The story is an exploration of a very complicated man, and I certainly did not want to sugarcoat or simplify his journey, because there is nothing simple about it.
What was your process in researching and writing the script?
Bryon Widner and Daryle Lemont Jenkins helped me a lot with the script. We met in person multiple times and engaged in deep discussions for hours and hours over the phone and Skype for four years.
In my research, I spoke with key people from the Southern Poverty Law Center who helped save Bryon. Also, Bill Brummell’s fantastic MSNBC documentary ERASING HATE was invaluable to me. Brummell lived with Bryon and his family on and off for two years while Bryon underwent his tattoo removal process.
When I started writing the script, Obama was elected for his second term. Many people thought that fascists and white power barely existed in America.
But unfortunately my research showed me that there really is a prominent layer of racism and violence in the backyard of America. Trump’s election has made people realize it, but my research for this film had made me aware of it long before.
Can you describe the casting process? Did you have actors in mind as you were writing the script?
I actually did not. It was a long process to find our right “Bryon.” The amazing Laura Rosenthal and her talented team helped me shape the Skin family very wisely.
I worked with the beautiful and talented Danielle MacDonald on my short film, SKIN, and was overwhelmed by her performance in PATTI CAKE$. I offered her the role of Julie. After Danielle joined, my producer Oren Moverman had the brilliant idea to bring Jamie Bell on board as Bryon.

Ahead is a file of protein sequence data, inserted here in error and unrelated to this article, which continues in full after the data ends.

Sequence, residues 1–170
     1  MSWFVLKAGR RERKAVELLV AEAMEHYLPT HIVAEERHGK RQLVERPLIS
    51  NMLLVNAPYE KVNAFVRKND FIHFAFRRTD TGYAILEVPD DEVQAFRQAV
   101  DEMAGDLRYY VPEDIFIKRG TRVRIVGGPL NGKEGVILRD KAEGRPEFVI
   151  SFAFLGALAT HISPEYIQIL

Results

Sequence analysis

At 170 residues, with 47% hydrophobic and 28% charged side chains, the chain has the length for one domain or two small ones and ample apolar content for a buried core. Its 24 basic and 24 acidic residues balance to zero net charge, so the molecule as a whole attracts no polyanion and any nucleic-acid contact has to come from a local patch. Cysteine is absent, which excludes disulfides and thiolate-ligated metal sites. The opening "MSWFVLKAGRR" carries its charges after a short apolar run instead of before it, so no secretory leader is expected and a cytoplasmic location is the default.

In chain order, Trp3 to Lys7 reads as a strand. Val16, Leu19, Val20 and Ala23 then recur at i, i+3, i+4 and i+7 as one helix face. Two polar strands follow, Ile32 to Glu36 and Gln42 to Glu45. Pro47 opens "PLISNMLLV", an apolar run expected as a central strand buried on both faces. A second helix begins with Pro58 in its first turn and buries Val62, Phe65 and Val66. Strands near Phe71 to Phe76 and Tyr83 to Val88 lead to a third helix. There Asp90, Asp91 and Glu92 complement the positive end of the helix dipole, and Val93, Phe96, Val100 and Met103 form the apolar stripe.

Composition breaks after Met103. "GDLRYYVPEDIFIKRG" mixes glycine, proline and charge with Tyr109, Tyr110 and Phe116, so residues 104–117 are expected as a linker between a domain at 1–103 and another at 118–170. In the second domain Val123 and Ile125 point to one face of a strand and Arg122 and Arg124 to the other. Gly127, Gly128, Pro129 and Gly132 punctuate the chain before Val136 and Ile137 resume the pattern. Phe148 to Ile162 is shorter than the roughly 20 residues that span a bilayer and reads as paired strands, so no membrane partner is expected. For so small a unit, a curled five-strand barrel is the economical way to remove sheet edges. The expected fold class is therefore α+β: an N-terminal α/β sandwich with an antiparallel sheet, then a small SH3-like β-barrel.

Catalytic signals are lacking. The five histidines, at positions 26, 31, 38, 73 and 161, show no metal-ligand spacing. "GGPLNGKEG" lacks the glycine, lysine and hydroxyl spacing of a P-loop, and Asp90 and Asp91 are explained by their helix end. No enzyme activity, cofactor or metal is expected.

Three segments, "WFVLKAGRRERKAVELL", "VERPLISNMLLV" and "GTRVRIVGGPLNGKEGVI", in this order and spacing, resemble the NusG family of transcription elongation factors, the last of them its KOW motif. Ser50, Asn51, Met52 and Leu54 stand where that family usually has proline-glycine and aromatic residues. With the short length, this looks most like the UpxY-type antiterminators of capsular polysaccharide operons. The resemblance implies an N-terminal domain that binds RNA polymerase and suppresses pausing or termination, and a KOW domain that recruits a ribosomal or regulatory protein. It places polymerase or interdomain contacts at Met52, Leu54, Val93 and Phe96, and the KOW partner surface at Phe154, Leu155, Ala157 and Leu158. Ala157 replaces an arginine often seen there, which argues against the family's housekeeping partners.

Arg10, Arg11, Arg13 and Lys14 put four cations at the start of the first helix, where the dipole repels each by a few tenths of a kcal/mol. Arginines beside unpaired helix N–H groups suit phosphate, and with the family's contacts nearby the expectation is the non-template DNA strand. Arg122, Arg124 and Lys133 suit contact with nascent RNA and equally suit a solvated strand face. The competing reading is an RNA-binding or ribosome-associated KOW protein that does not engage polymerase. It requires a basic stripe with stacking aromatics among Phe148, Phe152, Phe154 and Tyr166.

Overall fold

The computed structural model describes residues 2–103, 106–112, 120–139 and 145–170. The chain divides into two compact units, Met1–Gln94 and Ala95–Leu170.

’ve always adored Jamie’s work, vulnerability, talent and intelligence. I needed to make sure that he had the chops to become this ruthless, tough, damaged man. I drove to meet him in Virginia, where he was shooting “Turn.” We sat for a few hours and talked about ourselves, about life and the crazy world we live in. I saw a mature man who had the depth, charm and potential physicality to become Bryon. Someone who was fully committed to the role and unafraid to launch himself into a challenging and dark role unliked anything he had every done before.
After Jamie joined, we started composing the rest of the family. I met Vera (who I adore) over Skype and the chemistry was immediate. It was very important to me that the rest of the characters be real and believable; undoubtably, Bill, Vera, and Louisa possess those qualities. When casting Daryle Lamont Jenkins, I knew he absolutely adored Luke Cage; he’s a massive comic book geek. When he found out Mike Colter would play him, he cried.
Can you describe Jamie Bell’s transformation and your experience working with him?
Jamie gave a riveting and often harrowing portrayal of Bryon, totally immersing himself in the role, and gaining 20 pounds in a short time. He met with the real Bryon and studied him.
He is the film’s emotional core: visceral and explosive. His performance is also a beautifully nuanced, detailed portrayal of a complex, conflicted and often brutal man. Jamie had a lot of freedom to improvise and bring his own self to the role. I trusted his process. He also did research, watched documentaries, looked at websites dedicated to tracking and studying these groups.
It took three and a half hours every day to turn himself into Bryon – tattoos, fake teeth, a tiny prosthetic for the nose, and contact lenses. Sometimes he would wear the tattoos overnight to save time in the morning. He walked around with full tattoos on – people didn’t look at him; they were embarrassed.
When I saw him as Bryon on the first day of filming, I got chills.